1. Phoebe’s Revolt, by Natalie Babbitt. This one is hard to find these days, but it is an awesome read. It’s about a little girl living at the turn of the 20th Century who hates the frilly, ruffled, restrictive clothes girls have to wear back then, so she refuses to get out of the bath and attend her party until she can dress like her father. I wrote one of my college entrance essays about this book!

    2. Pretty much *anything* by Jon Scieszka! His humorous, off-the-beaten-track updates of classic fairy tales never disappoint. I’m particularly fond of:
    -The True Story of the Three Little Pigs, which tells the story from the wolf’s perspective (“You know, if hamburgers were cute, people might think you were big and bad, too!”)
    -The Frog Prince Continued, which talks about what happens to the prince and princess after she kisses that frog (“after happily ever after”). I cry every time I read the end of this book, because it’s such a beautiful testament to what real love is, after the “magic” of early romance wears off. I can’t even do it justice, just read it!!. Though it’s a “children’s book”, I give this out to my friends now when they get married.
    -The Stinky Cheese Man, and Other Fairly Stupid Tales, which has a bunch of re-written fairy tales. They’re just funny as all get-out!

    3. Lon Po-Po, by Ed Young. Rock on, little girls who refuse to be damsels in distress! Far from relying on a hunter or some other crap to save them from the wolf (as in our “traditional” version of Little Red Riding Hood), the sisters in this Chinese version think of a clever way to KICK THE WOLF’S ASS.

    4. Grace for President, about an awesomely dreadlocked little girl who gets angry at school when she discovers that there are no women presidents in American history. She raises her hand and declares, “I’ve been thinking it over, and I’d like to be President!” Her school then has an election, where she faces off against super-popular Thomas Cobb, and fears she may not win. In classic tortoise vs. hare form, Thomas figures out that the boys have slightly more electoral votes than the girls, so he rests on his laurels while Grace campaigns like mad. The vote comes down to one little boy representing Wyoming (“incidentally” the first state to give women the right to vote…), and without totally giving it away, I’ll say that everyone learns a bit about what it means to make an educated choice in a democracy. SO GREAT!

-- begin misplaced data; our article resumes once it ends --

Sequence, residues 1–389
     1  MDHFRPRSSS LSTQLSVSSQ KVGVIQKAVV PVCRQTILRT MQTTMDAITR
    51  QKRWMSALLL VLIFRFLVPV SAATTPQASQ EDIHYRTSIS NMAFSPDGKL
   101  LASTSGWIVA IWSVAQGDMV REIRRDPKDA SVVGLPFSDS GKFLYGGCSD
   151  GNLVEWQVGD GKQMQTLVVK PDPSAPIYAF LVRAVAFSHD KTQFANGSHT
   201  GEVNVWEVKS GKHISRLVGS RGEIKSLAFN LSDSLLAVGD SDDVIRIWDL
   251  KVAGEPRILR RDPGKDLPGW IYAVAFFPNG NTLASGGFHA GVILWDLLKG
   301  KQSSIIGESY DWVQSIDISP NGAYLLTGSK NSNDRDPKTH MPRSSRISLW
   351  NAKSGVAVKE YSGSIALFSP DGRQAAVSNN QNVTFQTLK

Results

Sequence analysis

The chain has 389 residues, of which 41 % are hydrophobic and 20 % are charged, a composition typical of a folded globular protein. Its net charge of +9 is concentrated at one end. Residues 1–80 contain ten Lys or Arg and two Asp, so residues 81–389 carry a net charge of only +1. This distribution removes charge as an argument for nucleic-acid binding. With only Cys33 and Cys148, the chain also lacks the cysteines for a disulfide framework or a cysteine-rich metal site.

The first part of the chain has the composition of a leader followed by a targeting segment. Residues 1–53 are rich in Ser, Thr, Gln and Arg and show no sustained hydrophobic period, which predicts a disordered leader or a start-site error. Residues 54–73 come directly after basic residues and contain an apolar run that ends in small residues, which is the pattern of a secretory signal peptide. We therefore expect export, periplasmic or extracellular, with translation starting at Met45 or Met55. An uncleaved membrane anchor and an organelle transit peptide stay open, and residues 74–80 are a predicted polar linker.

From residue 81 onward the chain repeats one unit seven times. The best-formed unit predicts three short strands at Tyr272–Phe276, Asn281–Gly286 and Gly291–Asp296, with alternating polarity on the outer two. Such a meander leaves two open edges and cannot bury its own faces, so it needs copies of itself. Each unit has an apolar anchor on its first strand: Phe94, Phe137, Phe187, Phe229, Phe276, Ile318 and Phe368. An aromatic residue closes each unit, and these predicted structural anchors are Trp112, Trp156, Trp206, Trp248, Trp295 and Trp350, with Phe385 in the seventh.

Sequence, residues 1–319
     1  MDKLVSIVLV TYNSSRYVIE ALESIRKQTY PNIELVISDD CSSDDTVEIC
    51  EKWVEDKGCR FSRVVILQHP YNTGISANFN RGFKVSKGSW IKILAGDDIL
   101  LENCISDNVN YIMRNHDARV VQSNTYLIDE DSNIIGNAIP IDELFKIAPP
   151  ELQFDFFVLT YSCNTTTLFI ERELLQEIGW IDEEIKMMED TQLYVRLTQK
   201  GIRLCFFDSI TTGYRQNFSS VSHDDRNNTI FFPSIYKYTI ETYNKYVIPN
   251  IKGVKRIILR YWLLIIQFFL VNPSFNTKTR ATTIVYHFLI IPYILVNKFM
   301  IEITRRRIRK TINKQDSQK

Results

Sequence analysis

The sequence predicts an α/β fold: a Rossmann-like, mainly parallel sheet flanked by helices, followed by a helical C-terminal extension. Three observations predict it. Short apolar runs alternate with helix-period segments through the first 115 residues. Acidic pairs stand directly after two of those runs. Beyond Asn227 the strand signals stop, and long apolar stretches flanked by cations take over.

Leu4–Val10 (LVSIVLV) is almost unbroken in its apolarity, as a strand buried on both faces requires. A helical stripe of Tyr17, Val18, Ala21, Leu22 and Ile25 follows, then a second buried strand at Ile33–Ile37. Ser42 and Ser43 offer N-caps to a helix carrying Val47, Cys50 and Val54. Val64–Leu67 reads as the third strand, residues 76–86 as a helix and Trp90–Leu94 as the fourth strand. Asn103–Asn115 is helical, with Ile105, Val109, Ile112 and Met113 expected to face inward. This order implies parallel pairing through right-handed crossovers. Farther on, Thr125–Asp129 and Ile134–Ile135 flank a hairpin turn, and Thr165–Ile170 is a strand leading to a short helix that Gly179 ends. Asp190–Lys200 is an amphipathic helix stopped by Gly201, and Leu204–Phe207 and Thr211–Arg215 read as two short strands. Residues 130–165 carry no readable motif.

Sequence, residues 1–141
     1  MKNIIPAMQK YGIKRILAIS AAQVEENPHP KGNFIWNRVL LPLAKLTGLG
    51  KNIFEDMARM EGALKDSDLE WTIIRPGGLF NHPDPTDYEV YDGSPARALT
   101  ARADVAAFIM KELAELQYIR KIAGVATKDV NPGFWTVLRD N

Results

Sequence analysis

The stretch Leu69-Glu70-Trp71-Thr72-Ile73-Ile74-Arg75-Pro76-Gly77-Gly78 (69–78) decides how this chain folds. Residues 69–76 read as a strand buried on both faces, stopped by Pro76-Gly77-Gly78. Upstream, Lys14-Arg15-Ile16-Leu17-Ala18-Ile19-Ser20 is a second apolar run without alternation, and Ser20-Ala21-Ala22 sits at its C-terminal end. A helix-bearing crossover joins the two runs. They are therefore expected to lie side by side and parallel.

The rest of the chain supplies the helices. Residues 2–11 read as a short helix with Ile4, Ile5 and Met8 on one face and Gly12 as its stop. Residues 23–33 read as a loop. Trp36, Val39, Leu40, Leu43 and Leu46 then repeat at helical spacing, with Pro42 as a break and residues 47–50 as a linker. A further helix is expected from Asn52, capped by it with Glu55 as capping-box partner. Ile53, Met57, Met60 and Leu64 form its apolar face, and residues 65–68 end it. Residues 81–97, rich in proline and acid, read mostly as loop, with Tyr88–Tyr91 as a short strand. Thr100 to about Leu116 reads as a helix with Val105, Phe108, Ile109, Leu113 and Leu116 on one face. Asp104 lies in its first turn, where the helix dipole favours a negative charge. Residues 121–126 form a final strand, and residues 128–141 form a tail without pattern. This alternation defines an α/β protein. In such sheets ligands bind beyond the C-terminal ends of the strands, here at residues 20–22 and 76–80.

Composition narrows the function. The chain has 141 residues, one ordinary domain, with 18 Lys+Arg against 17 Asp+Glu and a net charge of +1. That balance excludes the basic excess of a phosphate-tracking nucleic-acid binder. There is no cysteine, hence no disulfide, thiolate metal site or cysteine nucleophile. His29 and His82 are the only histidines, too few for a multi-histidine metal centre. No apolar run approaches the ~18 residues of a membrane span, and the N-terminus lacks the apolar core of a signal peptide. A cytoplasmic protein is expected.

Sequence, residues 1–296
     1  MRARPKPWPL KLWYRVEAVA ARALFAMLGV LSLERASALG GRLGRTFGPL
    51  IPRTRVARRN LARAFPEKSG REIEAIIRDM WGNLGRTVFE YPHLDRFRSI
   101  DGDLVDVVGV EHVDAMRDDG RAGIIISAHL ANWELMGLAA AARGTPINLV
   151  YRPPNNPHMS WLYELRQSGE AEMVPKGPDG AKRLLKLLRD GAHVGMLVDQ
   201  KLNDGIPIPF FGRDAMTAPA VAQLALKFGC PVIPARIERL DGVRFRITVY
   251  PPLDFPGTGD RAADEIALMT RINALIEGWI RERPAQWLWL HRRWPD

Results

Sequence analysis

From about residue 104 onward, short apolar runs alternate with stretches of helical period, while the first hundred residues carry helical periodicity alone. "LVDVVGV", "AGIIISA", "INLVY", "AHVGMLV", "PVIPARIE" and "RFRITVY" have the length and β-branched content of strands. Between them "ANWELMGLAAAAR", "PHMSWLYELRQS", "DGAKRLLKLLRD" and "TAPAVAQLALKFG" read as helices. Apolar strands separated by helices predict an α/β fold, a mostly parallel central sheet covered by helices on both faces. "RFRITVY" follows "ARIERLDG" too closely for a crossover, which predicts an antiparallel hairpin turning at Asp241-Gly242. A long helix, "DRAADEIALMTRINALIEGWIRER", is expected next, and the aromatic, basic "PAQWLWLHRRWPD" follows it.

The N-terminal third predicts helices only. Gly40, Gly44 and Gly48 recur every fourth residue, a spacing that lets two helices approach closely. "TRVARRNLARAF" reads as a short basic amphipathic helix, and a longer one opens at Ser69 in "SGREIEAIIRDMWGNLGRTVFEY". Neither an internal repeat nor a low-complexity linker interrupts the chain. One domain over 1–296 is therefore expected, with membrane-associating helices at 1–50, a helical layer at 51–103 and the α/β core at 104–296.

5. Click Clack Moo, Duck for President, and basically all of Doreen Cronin’s books. I LOOOOVE these books! Questioning authority, collective bargaining, politics, leaving politics because leadership is too hard and then working on a book deal instead…pure awesome!

    • LOVE Jon Scieszka!

      2 others that I read to my class when *I* need to be amused are Monsters Eat Whiny Children (the monsters argue about how to prepare them while the kids quietly slip away) and I’d Really Like to Eat a Child (about a very picky crocodile)